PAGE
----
And Simon Peter followed Jesus, and so did another disciple: that disciple was known unto the high priest, and went in with Jesus into the court of the high priest.
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He omits his own name out of humility: though he is relating an act of great virtue, how that he followed when the rest fled. He puts Peter before himself, and then mentions himself, in order to show that he was inside the hall, and therefore related what took place there with more certainty than the other Evangelists could. That disciple was known to the high priest, and went in with Jesus into the palace of the high priest. This he mentions not as a boast, but in order to diminish his own merit, in having been the only one who entered with Jesus. It is accounting for the act in another way, than merely by greatness of mind. Peter’s love took him as far as the palace, but his fear prevented him entering in: But Peter stood at the door without.
But that Peter would have entered the palace, if he had been permitted, appears by what immediately follows: Then went out that other disciple who was known to the high priest, and spoke to her who kept the doors, and brought in Peter. He did not bring him in himself, because he kept near Christ. It follows: Then says the damsel that kept the door to Peter, Are not you also one of this Man’s s disciples? He says, I am not. What say you, OPeter? Did you not say before, I will lay down my life for your sake? What then had happened, that you give way even when the damsel asks you? It was not a soldier who asked you, but a mean porteress. Nor said she, Are you this Deceiver’s disciple, but, this Man’s: anexpression of pity. Are not you also, she says, because John was inside.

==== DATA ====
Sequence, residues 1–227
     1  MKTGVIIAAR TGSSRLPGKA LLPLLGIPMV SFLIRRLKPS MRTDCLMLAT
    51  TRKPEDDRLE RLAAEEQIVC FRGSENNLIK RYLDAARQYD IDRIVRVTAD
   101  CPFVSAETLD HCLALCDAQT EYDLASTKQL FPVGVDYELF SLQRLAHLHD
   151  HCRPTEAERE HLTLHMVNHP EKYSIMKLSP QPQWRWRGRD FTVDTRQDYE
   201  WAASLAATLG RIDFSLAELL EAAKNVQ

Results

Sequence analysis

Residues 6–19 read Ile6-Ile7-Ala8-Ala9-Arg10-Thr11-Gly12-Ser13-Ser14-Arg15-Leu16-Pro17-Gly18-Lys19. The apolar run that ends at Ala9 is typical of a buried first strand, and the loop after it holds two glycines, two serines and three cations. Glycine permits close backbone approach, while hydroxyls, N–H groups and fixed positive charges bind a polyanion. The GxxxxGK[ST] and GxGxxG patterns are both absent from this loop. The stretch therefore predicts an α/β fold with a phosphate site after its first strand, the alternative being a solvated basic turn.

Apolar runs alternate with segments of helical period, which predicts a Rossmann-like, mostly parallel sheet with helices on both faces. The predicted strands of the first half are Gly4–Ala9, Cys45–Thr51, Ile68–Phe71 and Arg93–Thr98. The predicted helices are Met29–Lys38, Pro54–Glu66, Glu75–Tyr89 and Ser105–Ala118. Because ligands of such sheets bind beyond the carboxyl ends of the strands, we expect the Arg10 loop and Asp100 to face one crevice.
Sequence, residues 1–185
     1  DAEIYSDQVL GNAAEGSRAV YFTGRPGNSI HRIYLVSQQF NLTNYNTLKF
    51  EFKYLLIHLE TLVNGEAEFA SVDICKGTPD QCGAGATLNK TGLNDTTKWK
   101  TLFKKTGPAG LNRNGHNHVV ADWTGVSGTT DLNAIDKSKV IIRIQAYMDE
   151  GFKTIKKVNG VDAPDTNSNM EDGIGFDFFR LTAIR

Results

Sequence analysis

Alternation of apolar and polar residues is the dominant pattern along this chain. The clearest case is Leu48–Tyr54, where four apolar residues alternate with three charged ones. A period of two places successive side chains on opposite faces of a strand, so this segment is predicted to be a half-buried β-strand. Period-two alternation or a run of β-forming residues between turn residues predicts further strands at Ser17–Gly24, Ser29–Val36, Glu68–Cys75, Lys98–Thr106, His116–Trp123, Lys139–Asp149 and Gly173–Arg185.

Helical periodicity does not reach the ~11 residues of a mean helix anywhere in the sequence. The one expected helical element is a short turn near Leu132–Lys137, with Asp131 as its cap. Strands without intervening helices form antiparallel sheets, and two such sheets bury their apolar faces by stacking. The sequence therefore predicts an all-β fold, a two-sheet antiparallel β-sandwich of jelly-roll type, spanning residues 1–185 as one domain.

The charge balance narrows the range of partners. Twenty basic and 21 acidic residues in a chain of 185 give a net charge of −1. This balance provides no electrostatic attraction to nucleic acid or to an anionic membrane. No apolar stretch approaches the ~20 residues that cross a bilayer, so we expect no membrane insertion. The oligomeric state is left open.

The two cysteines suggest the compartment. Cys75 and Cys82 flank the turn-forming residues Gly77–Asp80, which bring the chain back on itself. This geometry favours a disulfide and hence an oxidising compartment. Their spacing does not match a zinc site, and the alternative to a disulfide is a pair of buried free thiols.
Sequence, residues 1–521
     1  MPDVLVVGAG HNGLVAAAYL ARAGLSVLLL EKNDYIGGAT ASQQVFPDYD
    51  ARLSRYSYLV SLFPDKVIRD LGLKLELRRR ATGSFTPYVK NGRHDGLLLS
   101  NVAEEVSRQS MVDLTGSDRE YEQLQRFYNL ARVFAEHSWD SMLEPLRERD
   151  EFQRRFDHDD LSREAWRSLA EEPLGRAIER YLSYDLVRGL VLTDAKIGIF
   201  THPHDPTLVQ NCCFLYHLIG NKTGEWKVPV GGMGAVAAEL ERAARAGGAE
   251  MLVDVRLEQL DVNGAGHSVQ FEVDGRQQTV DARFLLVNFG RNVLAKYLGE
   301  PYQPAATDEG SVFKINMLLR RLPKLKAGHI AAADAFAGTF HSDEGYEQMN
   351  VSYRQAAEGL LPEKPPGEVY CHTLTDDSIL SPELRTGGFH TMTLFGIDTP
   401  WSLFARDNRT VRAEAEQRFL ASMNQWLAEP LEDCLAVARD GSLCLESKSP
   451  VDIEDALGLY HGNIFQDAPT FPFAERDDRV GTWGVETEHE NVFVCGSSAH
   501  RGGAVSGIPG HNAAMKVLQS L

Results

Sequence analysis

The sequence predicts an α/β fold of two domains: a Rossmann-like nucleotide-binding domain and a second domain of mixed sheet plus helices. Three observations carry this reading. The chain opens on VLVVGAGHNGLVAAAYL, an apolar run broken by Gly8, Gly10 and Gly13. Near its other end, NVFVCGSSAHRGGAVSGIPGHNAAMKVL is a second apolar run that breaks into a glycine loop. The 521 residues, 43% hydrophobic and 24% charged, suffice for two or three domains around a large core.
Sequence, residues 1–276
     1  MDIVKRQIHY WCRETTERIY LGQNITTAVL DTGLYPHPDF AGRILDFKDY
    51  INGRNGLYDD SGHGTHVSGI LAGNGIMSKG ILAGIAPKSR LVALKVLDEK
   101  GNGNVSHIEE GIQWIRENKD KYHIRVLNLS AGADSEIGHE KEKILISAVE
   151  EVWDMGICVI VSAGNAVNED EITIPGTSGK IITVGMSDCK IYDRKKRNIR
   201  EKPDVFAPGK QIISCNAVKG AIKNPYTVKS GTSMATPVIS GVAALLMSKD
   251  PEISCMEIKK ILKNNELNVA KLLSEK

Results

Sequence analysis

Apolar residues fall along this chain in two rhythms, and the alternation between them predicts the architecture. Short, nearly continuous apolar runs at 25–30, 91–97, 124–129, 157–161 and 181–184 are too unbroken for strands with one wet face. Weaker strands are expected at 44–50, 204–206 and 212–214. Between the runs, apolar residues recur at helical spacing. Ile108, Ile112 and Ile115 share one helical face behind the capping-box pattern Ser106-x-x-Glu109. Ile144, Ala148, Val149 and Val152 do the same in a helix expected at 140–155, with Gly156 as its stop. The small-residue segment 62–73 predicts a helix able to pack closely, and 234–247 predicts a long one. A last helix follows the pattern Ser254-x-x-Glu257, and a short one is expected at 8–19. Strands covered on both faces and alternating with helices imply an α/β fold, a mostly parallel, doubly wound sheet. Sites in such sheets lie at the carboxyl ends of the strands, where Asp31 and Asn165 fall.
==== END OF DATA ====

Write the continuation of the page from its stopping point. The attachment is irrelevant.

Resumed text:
Therefore did Divine Providence permit Peter first to fall, in order that he might be less severe to sinners from the remembrance of his own fall. Peter, the teacher and master of the whole world, sinned, and obtained pardon. that judges might thereafter have that rule to go by in dispensing pardon. For this reason I suppose the priesthood was not given to Angels; because, being without sin themselves, they would punish sinners without pity. Passible man is placed overman, in order that remembering his own weakness, he may be merciful to others.